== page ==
Tuesday, July 29, 2014

August 7: full of life

None of us ever wants to experience death. In any form, it is a terrifying subject. The thought of ever losing a loved one can create such turmoil inside that we just draw the shades and keep busy. I did the same until I had to walk to the very edge with death. Holding my newborn daughter as she crossed over from life to death, screaming at my loss of control, of the inevitability of losing this precious little girl. Forever. Trying to choke down that moment; her touch, her hands, her tiny toes, for I would never see them again. My shade is no longer drawn because I saw it happen, I know it happens and will for all of us.

Fear of mortality can get us into all sorts of precarious situations. Denial for one, but more importantly a loss of presence. While I didn't used to, today I like slow days. I listen. I taste. I memorize all the ways my daughters moves, the way her hugs feel. Today I appreciate all my gifts; my family, my husband, my working legs. So much so that at times I feel I can't squeeze them into every moment enough. But then I remember to listen: to this moment and everything it gives me.

The idea that you should live every moment like it's your last, always seemed hokey to me. Now, however, I describe my life before Winnie and my life after Winnie. Before I thought I had a plan, and control over that plan. I know now that you never know what is around the next moment. All you have is this moment. The most important moment is now. So, what are you going to do?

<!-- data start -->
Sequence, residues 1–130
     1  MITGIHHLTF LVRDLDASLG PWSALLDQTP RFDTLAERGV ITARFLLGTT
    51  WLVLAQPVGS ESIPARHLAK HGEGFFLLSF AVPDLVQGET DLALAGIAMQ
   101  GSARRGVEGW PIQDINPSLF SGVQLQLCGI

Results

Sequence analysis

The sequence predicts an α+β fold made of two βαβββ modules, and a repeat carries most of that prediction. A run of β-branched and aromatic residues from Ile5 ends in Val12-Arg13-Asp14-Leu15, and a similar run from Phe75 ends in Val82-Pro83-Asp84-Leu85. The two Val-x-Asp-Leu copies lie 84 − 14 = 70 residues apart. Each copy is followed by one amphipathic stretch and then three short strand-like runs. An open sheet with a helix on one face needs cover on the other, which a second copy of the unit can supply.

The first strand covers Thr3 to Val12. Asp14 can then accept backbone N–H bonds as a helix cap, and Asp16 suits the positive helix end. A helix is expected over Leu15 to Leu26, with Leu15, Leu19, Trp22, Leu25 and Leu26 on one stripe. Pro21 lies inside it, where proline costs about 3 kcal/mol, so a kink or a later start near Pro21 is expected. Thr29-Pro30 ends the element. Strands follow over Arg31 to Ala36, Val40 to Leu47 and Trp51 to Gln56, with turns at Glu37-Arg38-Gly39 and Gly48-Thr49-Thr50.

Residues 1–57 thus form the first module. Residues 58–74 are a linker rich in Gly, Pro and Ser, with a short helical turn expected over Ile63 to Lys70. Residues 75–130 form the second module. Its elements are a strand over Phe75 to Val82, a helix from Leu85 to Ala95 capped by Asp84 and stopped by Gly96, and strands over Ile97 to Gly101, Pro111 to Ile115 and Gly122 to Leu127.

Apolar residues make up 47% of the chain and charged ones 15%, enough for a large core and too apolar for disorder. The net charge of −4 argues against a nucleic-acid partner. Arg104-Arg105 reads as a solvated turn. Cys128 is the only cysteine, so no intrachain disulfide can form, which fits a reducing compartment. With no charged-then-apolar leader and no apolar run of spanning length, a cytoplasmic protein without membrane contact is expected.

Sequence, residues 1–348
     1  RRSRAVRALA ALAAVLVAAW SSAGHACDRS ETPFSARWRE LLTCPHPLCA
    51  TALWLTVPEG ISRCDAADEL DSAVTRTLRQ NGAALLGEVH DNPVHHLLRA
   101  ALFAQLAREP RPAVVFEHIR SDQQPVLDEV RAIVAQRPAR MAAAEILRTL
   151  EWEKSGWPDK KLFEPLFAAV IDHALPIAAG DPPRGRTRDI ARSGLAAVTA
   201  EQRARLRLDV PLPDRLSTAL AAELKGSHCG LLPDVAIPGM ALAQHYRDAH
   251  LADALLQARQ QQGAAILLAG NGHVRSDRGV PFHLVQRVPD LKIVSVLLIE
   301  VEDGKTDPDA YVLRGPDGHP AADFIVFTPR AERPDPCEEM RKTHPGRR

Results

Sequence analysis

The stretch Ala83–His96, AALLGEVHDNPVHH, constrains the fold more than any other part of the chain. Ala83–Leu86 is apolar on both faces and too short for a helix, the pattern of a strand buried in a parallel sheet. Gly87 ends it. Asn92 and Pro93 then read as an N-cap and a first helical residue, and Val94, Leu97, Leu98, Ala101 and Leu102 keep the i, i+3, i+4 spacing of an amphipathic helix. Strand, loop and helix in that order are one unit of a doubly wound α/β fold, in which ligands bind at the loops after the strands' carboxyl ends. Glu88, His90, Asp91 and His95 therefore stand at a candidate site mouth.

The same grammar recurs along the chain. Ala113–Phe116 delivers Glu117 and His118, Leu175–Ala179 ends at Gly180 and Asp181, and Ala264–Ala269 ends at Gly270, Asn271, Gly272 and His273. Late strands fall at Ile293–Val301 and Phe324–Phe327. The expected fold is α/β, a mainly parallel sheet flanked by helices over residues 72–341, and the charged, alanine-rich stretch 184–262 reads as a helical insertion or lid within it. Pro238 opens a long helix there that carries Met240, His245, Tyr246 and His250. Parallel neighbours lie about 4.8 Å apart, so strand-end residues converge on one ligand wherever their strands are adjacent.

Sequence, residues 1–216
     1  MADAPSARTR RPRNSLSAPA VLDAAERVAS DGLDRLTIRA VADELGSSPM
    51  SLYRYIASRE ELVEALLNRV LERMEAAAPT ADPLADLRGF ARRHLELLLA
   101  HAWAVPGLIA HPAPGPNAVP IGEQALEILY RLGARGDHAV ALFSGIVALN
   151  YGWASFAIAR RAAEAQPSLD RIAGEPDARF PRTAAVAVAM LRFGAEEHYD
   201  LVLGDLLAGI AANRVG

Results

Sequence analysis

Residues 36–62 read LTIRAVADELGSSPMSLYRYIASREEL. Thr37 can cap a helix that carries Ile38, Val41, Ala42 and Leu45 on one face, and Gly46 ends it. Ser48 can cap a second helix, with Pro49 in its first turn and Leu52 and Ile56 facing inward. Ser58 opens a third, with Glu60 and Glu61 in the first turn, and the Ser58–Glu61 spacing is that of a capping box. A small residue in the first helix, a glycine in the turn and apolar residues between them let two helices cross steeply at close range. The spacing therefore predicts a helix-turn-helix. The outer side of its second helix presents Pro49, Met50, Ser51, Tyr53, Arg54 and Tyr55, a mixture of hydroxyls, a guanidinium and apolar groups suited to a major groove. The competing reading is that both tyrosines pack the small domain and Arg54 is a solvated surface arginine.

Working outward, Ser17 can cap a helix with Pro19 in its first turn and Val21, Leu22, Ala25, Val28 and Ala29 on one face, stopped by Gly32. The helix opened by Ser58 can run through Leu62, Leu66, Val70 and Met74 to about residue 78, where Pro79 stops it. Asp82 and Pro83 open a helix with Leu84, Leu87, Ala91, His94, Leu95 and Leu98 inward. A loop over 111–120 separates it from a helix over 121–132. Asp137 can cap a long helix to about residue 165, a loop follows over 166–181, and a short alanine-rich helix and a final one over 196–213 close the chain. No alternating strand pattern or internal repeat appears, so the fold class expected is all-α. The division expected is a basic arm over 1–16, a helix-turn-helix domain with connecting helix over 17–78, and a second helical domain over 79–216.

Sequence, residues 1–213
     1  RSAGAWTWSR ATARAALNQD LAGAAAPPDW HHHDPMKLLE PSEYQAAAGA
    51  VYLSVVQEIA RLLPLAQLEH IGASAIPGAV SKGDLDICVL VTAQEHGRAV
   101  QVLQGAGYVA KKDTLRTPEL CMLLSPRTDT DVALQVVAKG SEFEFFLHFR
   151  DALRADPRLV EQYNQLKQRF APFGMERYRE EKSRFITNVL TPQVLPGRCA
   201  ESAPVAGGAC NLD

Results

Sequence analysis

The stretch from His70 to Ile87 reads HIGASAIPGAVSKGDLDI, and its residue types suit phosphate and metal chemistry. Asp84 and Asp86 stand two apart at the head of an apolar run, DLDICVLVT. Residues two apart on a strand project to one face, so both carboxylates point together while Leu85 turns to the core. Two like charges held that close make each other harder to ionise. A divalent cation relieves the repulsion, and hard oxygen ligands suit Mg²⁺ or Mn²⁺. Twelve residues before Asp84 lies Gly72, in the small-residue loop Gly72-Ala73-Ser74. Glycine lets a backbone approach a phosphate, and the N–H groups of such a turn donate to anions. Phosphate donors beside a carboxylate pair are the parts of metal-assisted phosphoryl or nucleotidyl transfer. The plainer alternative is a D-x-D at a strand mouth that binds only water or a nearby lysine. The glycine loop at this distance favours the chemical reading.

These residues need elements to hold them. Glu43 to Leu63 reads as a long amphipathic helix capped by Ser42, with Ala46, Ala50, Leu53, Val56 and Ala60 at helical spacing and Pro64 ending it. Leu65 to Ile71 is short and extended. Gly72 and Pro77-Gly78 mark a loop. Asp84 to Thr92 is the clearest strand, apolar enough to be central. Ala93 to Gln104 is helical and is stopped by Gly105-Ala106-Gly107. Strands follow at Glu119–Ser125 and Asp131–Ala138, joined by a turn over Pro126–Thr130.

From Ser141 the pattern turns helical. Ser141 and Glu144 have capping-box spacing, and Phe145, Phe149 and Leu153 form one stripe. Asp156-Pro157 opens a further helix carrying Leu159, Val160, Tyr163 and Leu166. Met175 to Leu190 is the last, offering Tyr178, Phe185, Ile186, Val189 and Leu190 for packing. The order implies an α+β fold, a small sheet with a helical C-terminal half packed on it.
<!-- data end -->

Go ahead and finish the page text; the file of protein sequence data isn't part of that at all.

As we approach Winnie's first birthday I think of life, not death. She brought us so much life. She taught us to listen, to move slower and to think about what is really important. I think of all the gifts she has given me. And of course, how much I miss her.

Tuesday, July 1, 2014

the shape of us

Just a year ago, my family bought our first house. Since then, these walls have seen a lot of transformation, both structurally and emotionally. The house has become something we have poured ourselves into with pride and drive. New shelves, floors, paint colors, a sandbox, a bar are all just a few of the things we have kept ourselves busy with. This house is our foundation. It provides security, warmth, a place to sleep and most importantly, it keeps us together. This house signifies our attempt at control. It is here that everything is in place. It feels; protected. Permanent.

The foundation of my most recent work has been destructed buildings. The idea and metaphor behind the use of buildings, is that these destructed man-made structures signify a loss of control, of impermanence, and also our attempt to control the environment. My own loss has showed me how vulnerable we are in this life, despite the structures, physical and mental, we try to employ for some attempt at control.

The act of building itself, says a lot about the human race. We build to protect, we build for growth and structure. Winston Churchill said; "We shape our buildings; thereafter they shape us." What do our buildings say about us? How do they shape us?

This house is neither permanent nor protecting from the harsh realities of life. But this past year, it has shaped us. Although we are still picking up the pieces, I believe life gives you what you need, and in our case it was this house. While all the mental structures that we had tried to employ at some attempt at control fell apart, this house has kept us together. And it is still standing.